PART IV – Of Venues and Attire
*The following was written while on vacation (when I write most of my blogs!), and is pretty much a stream-of-consciousness thing. Apologies for any inaccuracies.
In Part III, I discussed what I call Academic Jazz, and its influence on the culture. In this part, I’ll look at the club circuit and concert hall jazz. Have they helped jazz or held it back?
While getting to hear live jazz (whether in a club or auditorium) is awesome, there are some characteristics that are ensuring that they’ll stay that way.
There aren’t a lot of jazz artists who can successfully tour concert venues, but there are a few. Of course, how many cities can draw a big enough audience for a show like this? Not many, obviously! Harry Connick, Jr. Isn't cheap (especially if he brings his big band).
No, the club circuit is much more accessible, yet even then, do you live anywhere near a jazz club? Me neither. Most big cities have more than one jazz club, but the ones you hear about tend to be very swanky.
Herein lies what I believe is a big reason why jazz isn’t more popular: it’s earned a reputation as being snooty. Whether it’s haughty musicians who look down their noses at other players (jazz is difficult to play well), or the rich, white listeners sipping their wine while enjoying the sophisticated life, most people consider jazz as something for...snooty, rich, white people.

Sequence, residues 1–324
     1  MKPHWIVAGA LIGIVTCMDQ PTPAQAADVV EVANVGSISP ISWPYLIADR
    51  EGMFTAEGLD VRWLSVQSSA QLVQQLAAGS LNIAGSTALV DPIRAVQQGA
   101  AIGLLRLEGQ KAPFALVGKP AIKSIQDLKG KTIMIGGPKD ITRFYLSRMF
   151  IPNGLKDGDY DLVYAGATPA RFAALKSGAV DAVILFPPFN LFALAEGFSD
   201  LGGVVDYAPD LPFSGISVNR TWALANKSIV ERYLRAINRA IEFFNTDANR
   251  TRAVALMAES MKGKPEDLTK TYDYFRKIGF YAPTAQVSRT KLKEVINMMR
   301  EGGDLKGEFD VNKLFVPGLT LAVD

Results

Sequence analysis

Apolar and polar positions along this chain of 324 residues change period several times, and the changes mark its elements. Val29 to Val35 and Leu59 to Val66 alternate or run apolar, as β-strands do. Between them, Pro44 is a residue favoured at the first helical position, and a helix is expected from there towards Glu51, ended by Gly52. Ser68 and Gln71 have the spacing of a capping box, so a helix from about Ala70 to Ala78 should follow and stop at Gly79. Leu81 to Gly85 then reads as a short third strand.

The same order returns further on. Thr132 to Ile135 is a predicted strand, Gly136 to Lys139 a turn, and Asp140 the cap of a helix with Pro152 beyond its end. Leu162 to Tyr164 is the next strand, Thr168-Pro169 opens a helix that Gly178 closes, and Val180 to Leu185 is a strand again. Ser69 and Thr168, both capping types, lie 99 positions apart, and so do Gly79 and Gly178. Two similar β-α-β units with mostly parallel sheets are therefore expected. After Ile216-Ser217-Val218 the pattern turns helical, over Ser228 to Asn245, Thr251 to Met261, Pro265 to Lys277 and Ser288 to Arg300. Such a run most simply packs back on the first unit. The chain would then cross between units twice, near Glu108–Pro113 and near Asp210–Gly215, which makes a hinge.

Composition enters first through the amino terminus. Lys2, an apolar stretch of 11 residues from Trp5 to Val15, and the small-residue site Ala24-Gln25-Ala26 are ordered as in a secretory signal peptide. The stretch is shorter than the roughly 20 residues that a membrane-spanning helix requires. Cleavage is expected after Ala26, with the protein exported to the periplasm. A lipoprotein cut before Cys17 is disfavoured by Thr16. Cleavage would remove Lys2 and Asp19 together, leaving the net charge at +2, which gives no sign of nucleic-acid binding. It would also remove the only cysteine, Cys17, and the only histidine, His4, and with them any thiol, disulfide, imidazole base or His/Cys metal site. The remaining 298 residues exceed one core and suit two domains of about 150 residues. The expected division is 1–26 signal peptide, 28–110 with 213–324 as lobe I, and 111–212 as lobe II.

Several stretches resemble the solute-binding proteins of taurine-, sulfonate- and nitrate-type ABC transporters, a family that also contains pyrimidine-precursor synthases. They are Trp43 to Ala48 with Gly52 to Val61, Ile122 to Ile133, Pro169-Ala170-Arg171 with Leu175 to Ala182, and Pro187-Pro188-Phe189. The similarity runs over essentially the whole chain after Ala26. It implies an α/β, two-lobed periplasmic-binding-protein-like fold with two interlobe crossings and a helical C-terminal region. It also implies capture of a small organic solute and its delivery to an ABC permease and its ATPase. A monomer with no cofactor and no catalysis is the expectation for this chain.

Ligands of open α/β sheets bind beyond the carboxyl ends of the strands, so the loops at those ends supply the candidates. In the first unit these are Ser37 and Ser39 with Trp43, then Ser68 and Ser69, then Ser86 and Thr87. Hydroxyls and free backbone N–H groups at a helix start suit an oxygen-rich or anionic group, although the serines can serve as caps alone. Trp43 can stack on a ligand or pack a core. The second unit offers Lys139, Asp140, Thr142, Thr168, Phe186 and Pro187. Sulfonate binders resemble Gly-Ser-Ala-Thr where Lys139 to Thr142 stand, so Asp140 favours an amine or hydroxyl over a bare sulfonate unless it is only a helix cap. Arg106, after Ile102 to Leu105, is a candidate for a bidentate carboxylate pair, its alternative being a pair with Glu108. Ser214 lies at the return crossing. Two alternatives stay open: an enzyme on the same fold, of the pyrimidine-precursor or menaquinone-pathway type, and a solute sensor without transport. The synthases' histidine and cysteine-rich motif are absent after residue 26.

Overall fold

I have nothing against rich white people (though if they’re snooty, that’s a different story). But this perception has hurt it. And while I like the idea of dressing up out of respect for the music and its legacy, if jazz is ever to be appreciated by the common people (or hoi polloi if you’re snooty), I think some of this needs to change. Dressing up can be fun, but wearing costumes (fedoras and pinstripe suits or tuxes and evening gowns) makes jazz seem irrelevant. Remember, this music came out of Storyville (New Orlean’s red light district).
On the other end of the spectrum, there are plenty of jazz clubs that are dives. For my money, those are way cooler. Most NOLA (New Orleans, Louisiana) clubs are dumps (Preservation Hall intentionally so). Jazz reflects all of life, so to keep it relegated to fancy venues just doesn’t work. The Essentially Ellington kids (see Part III) dress to the nines with suits and dresses; the Sant Andreu kids (usually) dress in T-shirts, jeans, and street shoes.
If jazz were played by normal-looking people in normal, laid-back settings, I think that could go a long way toward making it more accessible. And by all means, it’s still fun to go the ritzy route, but ultimately that’s only a roadblock to wider acceptance.
I've included some old blogs along with the new. Should you ever find yourself suffering from insomnia, this is the place for you! That's as poetic as I get...